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From the Hill: March 19, 2024

Treasury has released its “Greenbook” outlining reforms in President Biden’s 2025 proposed budget.
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Here’s a look at recent tax-related happenings on the Hill, including budget proposals from President Joe Biden that are unlikely to see any progress prior to this year’s election.

Lately on the Hill

The U.S. Department of the Treasury released the General Explanations of the Administration’s Fiscal Year 2025 Revenue Proposals, otherwise known as the “Greenbook,” on the heels of Biden’s release of his 2025 proposed budget. The document outlines “a series of reforms that would raise revenues, expand tax credits for workers and families, and improve tax administration and compliance. These reforms cover all areas of tax policy and together they result in a tax system that is both more equitable and more efficient.”

In his State of the Union address, Biden touted several revenue-raising proposals “to make the tax code fair” and “to make big corporations and the very wealthy pay their share.” Biden’s revenue proposals contain such reforms in corporate taxation, including an increase in the tax rate for corporations from 21% to 28%, an increase in the corporate minimum tax from 15% to 21%, and an increase in the tax rate on corporate stock repurchases to 4%, among many other proposals.   

Those identified as “high-income taxpayers” would see an increase in additional Medicare tax rate by 1.2 percentage points, an increase in the top tax rate from 37% to 39.6%, taxation of long-term capital gains at ordinary income tax rates, and a minimum tax of 25%—inclusive of unrealized gains—for those “with wealth greater than $100 million.”

In support of economic security for workers and families, the budget proposals include increases in the Child Tax Credit to $3,600 for qualifying children under six years of age and $3,000 for all others; expansion of the Earned Income Tax Credit as was temporarily instituted by the American Rescue Plan Act of 2021; exclusion of forgiven student loan debts from income; and tax credits for first-time homebuyers and qualified home sellers.

The proposal also includes $104.3 billion of funding for fiscal years 2026–2034 for the IRS in addition to its annual discretionary appropriations. Ironically, the forthcoming appropriations bills due March 22, 2024 are expected to include $20 billion in rescinded IRS funding provided in the Inflation Reduction Act, as agreed upon by Biden and the former House Speaker Kevin McCarthy (R-CA) as part of the debt-limit negotiations.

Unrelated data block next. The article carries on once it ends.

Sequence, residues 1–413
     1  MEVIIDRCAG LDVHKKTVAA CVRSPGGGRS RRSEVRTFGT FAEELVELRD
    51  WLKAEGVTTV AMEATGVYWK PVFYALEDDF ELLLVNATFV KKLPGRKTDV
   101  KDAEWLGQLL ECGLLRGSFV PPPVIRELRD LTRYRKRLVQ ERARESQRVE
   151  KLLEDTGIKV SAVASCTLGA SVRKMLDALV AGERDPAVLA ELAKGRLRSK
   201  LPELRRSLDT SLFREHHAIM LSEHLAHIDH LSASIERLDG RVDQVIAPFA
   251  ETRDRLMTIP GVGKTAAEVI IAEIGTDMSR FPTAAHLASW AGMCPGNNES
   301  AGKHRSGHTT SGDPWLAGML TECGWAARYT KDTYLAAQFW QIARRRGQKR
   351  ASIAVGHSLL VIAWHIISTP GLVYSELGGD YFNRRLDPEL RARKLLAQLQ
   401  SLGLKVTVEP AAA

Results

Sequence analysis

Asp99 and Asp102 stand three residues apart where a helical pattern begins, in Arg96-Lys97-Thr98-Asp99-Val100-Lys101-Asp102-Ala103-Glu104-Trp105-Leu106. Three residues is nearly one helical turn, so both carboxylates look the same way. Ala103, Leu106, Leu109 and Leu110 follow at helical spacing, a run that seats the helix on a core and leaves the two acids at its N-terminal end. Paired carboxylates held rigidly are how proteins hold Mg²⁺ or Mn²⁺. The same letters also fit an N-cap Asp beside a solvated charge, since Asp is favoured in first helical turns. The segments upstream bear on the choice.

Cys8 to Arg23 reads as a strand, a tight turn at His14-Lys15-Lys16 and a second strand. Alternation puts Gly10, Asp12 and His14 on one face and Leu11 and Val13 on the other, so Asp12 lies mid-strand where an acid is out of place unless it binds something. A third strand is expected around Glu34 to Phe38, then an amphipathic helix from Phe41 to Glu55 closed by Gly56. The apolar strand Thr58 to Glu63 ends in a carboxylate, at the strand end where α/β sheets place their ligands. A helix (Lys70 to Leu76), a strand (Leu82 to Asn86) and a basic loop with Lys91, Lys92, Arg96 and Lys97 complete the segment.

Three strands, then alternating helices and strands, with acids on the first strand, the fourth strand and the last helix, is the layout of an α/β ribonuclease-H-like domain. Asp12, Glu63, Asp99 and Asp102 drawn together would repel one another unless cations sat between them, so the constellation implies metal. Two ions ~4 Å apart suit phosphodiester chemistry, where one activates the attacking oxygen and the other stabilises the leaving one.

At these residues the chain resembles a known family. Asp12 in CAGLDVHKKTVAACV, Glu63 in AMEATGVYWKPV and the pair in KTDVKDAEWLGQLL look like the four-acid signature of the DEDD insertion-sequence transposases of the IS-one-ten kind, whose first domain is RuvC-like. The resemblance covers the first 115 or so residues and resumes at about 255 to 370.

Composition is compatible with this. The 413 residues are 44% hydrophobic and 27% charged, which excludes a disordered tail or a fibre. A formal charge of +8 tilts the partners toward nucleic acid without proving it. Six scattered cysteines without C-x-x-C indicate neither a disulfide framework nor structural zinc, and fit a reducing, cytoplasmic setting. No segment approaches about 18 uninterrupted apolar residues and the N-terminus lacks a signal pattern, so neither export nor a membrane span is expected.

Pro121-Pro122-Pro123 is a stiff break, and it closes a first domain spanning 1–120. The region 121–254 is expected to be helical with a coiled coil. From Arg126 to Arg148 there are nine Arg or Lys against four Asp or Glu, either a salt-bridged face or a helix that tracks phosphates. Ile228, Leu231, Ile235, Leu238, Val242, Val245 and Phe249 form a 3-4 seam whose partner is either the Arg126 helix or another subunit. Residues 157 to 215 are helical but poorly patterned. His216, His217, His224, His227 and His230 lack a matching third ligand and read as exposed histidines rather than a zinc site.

In total, the net revenue effect of the budget proposal is projected to be $4.3 trillion through 2034. With Republican control of the House and this being an election year, Biden’s budget proposals will not see the light of day in the short term but could manifest after the dust settles on the upcoming November elections.

Office of Management and Budget Director Shalanda Young told reporters, “The president’s vision of progress, opportunity, and fairness is in stark contrast to congressional Republicans, who have repeatedly fought to slash critical programs the American people count on and increase the deficit by trillions of dollars with giveaways to big pharms, the wealth, and big corporations,” as reported by Tax Notes. House Budget Committee Chair Jodey Arrington (R-TX) countered, “The Biden budget proposes the highest sustained levels of borrowing and spending in U.S. history and nearly $5 trillion in new taxes on American families, all while adding more than $16 trillion to our public debt.”

Noteworthy Decisions

In response to a U.S. district court ruling on March 1, 2024 deeming the Corporate Transparency Act as unconstitutional, the government has filed a notice to appeal the decision. The act requires as of January 1, 2024, certain companies to report the identities and other information of their owners to the Financial Crimes Enforcement Network (FinCEN) in an effort to combat illicit financial activities. The ruling only applied to the plaintiffs but could have a wider impact in other legal proceedings.

In a bench opinion, a couple’s reported business expenses are disallowed and recharacterized as start-up expenditures under Section 195. Hutchings v. Commissioner, No. 13321-20